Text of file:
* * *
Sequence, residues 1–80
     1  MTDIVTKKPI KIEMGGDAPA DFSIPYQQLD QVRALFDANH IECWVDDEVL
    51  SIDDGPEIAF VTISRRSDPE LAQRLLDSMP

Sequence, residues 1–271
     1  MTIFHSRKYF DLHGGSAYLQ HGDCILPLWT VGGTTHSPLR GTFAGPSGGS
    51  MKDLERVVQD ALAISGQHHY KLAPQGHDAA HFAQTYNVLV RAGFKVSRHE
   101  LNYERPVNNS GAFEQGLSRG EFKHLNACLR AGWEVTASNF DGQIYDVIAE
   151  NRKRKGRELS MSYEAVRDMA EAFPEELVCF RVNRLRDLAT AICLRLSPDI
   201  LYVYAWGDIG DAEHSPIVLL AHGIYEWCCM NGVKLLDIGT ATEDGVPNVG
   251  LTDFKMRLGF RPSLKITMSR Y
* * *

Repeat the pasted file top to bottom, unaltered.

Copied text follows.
Sequence, residues 1–80
     1  MTDIVTKKPI KIEMGGDAPA DFSIPYQQLD QVRALFDANH IECWVDDEVL
    51  SIDDGPEIAF VTISRRSDPE LAQRLLDSMP

Sequence, residues 1–271
     1  MTIFHSRKYF DLHGGSAYLQ HGDCILPLWT VGGTTHSPLR GTFAGPSGGS
    51  MKDLERVVQD ALAISGQHHY KLAPQGHDAA HFAQTYNVLV RAGFKVSRHE
   101  LNYERPVNNS GAFEQGLSRG EFKHLNACLR AGWEVTASNF DGQIYDVIAE
   151  NRKRKGRELS MSYEAVRDMA EAFPEELVCF RVNRLRDLAT AICLRLSPDI
   201  LYVYAWGDIG DAEHSPIVLL AHGIYEWCCM NGVKLLDIGT ATEDGVPNVG
   251  LTDFKMRLGF RPSLKITMSR Y